Oscars Talk: When Is a Film Not a Film?

Answer: When Steven Spielberg says it’s not.

Following the recent Oscars awards, Spielberg is apparently hell-bent on making sure that streaming services like Netflix never have another contender such as ‘Roma’.

According to that article (which - speaking of awards - clearly wins the prize for ‘Longest Opening Line of an Article I’ve Seen in Years), my mate Steve thinks productions like Roma aren’t and shouldn’t be valid for (major) Oscars because … well, because they’re just not proper movies.

“I wish I could be a in a ‘proper’ film…”

“I wish I could be a in a ‘proper’ film…”

Which is very odd, coming from a man who was part of the ‘New Hollywood’ - along with Coppola, Scorsese, Lucas et al - the gang of directors who brought in the ‘Golden Age’ of cinema, and gave us some of the most realistic, gritty, and greatest films the world has ever seen. The Godfather, Mean Streets, The French Connection, Serpico, American Graffiti, Jaws, Star Wars … This was a bunch of film addicts, auteurs, who scraped together their pocket money to buy an 8mm camera and went on to change cinema.

And there’s the key word: Change.

It was perhaps those last two films, Jaws and Star Wars, that were the ignition of this evolution. They woke filmmakers up to how  profitable films could be, and that was arguably the start of the film franchise. Lucas’ Star Wars was an emphatic turning point in cinema, from realistic to … intergalactic. It was without doubt the end of an era, and the start of the CGI era. And CGI without doubt changed cinema forever.


Yet, here is Spielberg trying to stamp out change. Like an old man shouting at the moon, claiming change is bad and we should stick to what’s always worked. Yet… yet… this is the guy who used some of the very latest animatronics technology in Jurassic Park; employed fancy 3D motion-capture animation in The Adventures of Tintin; not to mention broaching the subjects of A.I. and Virtual Reality in two more of his films (albeit disappointingly).

So what’s his problem with Roma and Netflix? 

The official stance is something to do with theatrical release. Basically, to qualify for the Oscars a film has to have shown in theatres/cinemas for a few weeks. (Roma screened in a few places, just enough to qualify.) Which is, frankly, bullshit. 

For example: I once made a “home movie” with a lady-friend of mine. It has a beginning, a few minutes of middle, and most definitely an end. It was a ‘One-shot’ as well (pun intended). Very artistic. But, alas, it didn’t get a theatrical release, so I guess that doesn’t make it a ‘proper’ film.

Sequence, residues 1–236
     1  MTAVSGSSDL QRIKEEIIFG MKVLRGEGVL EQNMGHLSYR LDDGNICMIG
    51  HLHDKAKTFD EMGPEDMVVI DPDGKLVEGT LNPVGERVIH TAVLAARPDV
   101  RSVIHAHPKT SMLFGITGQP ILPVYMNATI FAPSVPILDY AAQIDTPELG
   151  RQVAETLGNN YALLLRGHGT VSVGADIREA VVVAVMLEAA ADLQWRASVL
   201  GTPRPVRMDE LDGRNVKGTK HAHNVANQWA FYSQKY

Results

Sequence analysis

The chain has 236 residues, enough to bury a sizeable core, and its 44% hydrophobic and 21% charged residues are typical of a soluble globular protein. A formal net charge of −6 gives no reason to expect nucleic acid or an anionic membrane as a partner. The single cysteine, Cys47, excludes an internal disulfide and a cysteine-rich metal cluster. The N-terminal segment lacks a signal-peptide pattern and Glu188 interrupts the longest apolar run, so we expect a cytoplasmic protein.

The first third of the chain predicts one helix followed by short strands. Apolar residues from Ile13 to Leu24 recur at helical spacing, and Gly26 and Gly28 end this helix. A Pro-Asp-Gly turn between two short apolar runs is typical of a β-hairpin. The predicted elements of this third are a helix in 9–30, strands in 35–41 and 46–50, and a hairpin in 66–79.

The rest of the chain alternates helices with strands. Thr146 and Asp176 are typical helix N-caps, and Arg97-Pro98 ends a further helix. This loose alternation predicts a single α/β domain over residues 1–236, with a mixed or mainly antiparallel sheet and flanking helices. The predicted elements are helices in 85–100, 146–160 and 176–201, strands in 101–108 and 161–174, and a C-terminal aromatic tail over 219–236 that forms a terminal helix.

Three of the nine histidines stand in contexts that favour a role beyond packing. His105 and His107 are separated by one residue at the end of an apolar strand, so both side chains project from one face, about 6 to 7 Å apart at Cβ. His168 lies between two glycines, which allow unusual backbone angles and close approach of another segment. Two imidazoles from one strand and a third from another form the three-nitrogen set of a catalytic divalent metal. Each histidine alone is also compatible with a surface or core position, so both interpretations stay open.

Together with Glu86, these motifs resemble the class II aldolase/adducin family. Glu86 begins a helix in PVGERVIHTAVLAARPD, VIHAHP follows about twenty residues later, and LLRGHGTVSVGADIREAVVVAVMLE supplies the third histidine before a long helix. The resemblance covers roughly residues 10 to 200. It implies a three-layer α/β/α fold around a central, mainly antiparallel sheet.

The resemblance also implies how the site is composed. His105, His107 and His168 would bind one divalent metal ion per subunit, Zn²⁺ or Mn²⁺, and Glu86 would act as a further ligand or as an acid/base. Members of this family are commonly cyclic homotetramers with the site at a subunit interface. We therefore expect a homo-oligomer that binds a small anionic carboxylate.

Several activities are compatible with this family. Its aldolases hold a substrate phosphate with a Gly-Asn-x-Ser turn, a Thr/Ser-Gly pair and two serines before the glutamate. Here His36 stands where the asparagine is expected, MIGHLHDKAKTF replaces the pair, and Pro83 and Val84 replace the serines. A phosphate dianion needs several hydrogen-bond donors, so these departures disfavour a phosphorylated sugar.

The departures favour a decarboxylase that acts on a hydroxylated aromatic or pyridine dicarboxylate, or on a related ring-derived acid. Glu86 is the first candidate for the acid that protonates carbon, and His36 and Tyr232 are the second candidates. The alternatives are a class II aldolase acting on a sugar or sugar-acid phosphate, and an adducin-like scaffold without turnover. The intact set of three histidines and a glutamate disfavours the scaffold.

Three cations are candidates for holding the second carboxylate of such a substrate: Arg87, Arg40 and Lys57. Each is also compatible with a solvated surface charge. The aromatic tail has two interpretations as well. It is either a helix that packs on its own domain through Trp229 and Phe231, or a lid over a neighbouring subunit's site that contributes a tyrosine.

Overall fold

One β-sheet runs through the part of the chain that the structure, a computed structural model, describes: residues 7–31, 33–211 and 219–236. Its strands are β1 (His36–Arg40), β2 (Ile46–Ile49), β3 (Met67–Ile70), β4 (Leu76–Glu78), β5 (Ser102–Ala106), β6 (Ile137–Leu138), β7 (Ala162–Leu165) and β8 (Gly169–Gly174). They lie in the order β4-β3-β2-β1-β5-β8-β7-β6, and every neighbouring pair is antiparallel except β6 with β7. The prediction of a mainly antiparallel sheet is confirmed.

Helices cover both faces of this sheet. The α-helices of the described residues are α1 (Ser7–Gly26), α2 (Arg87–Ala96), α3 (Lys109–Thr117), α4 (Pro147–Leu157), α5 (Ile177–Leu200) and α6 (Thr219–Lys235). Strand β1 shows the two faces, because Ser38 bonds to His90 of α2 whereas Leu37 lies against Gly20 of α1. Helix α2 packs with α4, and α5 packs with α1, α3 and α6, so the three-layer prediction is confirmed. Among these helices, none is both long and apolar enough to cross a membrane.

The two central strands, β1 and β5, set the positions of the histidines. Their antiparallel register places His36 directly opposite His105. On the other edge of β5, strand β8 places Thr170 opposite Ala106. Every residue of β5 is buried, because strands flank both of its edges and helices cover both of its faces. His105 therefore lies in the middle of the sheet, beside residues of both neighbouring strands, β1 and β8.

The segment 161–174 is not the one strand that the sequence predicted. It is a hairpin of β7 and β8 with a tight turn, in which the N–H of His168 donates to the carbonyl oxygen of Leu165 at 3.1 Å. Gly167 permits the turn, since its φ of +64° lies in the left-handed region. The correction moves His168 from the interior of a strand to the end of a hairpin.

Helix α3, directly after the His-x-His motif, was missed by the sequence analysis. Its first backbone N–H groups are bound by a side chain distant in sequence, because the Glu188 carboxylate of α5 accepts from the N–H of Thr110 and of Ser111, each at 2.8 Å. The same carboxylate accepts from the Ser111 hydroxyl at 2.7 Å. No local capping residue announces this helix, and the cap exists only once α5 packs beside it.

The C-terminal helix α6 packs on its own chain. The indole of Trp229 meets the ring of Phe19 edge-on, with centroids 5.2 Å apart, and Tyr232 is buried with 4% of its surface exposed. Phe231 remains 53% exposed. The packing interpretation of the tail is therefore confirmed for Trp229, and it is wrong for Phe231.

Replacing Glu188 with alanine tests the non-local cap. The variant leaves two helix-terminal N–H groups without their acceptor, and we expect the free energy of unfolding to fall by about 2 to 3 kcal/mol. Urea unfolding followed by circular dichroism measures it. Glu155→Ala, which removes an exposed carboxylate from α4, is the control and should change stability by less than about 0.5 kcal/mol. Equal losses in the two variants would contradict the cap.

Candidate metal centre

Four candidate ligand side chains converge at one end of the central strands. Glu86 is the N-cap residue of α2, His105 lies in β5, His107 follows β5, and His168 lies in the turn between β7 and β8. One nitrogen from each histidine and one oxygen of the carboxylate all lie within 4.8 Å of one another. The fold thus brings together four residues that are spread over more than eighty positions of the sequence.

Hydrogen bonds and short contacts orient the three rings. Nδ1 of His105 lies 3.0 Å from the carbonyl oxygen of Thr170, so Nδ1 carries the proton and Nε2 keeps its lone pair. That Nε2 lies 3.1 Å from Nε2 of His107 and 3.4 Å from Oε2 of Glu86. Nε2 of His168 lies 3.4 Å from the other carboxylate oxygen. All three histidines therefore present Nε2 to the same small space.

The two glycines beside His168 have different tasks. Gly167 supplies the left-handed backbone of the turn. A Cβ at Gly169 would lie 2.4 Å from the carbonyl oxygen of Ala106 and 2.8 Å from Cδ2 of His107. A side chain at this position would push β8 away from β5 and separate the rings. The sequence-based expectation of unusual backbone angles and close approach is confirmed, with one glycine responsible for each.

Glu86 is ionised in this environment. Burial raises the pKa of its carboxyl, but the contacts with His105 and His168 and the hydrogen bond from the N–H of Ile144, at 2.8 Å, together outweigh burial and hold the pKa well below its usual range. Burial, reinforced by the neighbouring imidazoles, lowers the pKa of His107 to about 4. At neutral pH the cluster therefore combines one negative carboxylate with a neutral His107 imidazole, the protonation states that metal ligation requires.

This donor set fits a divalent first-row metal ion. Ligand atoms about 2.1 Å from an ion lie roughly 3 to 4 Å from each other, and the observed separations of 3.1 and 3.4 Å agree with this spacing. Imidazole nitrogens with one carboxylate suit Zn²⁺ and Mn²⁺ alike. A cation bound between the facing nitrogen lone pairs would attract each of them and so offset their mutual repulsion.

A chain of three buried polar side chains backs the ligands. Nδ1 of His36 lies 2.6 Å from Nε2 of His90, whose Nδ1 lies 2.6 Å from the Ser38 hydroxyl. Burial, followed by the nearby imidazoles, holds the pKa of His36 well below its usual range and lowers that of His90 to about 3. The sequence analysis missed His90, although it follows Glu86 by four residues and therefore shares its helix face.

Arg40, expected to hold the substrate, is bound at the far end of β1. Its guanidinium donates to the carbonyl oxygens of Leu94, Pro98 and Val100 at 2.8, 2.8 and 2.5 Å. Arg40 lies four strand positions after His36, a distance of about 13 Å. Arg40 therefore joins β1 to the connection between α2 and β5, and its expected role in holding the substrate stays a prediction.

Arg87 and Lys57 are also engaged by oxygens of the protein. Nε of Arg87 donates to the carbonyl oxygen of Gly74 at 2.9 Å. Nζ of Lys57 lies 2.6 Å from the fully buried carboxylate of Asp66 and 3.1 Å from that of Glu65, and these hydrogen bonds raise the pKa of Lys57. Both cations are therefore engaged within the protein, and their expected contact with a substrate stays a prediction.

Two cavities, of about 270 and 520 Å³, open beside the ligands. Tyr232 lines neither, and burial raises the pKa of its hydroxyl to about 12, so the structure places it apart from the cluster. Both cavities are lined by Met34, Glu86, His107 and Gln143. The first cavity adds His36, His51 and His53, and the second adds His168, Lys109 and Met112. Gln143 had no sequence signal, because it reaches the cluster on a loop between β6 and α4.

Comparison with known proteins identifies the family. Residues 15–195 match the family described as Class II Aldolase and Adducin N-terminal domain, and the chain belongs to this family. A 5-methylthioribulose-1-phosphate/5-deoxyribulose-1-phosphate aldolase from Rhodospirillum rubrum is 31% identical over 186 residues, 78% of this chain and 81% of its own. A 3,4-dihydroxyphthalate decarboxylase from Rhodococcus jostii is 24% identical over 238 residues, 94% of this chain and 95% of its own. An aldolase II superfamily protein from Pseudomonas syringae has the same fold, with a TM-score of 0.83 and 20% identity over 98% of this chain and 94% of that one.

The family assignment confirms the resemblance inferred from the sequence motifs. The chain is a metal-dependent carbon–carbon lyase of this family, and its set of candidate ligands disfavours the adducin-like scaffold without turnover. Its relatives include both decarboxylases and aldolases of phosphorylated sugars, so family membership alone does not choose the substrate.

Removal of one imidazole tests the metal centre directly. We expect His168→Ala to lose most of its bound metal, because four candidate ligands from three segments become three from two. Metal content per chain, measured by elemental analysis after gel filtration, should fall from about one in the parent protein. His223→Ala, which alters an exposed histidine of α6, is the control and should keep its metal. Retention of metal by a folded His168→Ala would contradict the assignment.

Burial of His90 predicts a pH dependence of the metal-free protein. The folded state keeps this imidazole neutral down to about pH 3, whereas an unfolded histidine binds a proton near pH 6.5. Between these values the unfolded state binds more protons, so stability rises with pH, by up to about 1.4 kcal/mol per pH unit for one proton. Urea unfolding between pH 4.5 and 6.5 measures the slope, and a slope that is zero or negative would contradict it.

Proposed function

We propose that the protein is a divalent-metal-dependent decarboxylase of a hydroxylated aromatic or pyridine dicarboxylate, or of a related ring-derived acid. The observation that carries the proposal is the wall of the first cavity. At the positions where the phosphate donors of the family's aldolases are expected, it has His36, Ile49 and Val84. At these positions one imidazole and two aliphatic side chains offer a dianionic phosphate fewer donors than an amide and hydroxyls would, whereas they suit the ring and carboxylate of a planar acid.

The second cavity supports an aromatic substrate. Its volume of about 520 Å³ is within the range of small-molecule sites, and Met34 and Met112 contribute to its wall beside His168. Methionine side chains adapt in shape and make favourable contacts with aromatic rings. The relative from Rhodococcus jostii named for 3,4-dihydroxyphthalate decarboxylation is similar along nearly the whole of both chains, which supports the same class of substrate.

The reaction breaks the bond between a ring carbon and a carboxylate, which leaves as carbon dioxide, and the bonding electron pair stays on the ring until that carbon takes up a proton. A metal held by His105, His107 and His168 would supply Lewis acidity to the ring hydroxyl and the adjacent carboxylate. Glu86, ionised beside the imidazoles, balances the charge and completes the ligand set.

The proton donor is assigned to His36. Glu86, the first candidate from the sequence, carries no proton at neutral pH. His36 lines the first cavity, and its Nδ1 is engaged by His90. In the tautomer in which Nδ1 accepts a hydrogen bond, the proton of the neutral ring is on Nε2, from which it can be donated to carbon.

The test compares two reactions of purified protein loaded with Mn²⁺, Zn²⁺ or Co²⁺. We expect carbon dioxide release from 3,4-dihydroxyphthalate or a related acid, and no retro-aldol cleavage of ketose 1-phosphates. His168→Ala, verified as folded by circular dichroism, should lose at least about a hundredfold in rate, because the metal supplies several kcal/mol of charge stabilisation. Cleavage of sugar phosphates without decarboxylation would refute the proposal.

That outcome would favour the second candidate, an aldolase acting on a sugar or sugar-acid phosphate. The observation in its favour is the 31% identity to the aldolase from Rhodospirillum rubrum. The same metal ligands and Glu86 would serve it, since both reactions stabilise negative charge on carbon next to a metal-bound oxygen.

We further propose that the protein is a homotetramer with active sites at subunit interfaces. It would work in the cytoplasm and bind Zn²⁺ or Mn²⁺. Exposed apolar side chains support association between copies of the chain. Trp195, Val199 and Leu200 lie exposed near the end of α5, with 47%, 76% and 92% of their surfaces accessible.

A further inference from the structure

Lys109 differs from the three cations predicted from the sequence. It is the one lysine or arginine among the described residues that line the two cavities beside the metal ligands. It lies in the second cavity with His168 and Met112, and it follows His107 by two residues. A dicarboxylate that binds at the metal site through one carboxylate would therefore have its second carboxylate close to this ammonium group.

Sure, there’s a difference between a genuine film and, say, a video clip taken on someone’s phone of some unruly passengers on a plane; or between a film and a TV series that is written deliberately around the advert breaks. But Roma is absolutely, unequivocally, without doubt a FILM. A Moving Image. A movie. A feature film as opposed to a short film. Yes, it was intended to air primarily on people’s television sets in their homes. 

But, it IS a goddam film. 

All this fist shaking feels like fear and jealousy. Let’s be honest, Speilbo probably hasn’t made a really decent film since 2005’s Munich. Or Catch Me If you Can. And having worked with Steve on War Horse, I can tell you that he only ever makes ‘proper’ films. Like War Horse… about a horse somehow involved in a war that everyone seems to fancy the pants off, no matter their nationality … and Indiana Jones and the Kingdom of the Crystal Skull … (<— I’ve linked to the Cinema Sins video of that, because, well, it’s fun.)

If you were to compare Roma to all of these Marvel films and the like, I would say the former is a film and the latter are… more like cartoons. They include SO much CGI that the ‘film’ bit is almost irrelevant. Like taking a Rich Tea biscuit, then adding lashings of sauce, chocolate, whipped cream, hundreds & thousands, a flake and some edible gold, and insisting it’s still a Rich Tea. (Memo to self: Must try that.)



Maybe it comes down to something as elementary as frame rate. Maybe Spielberg’s suggesting that ‘proper’ films are filmed at 24fps, and that anything designed for the web and shot at 25fps is heresy and should be dunked into a river whilst strapped to an unwieldy wooden chair. 

You may as well insist that all books should be hand-written and not printed on these new-fangled “Tipe Righter” machines. 

Get a grip, Steven.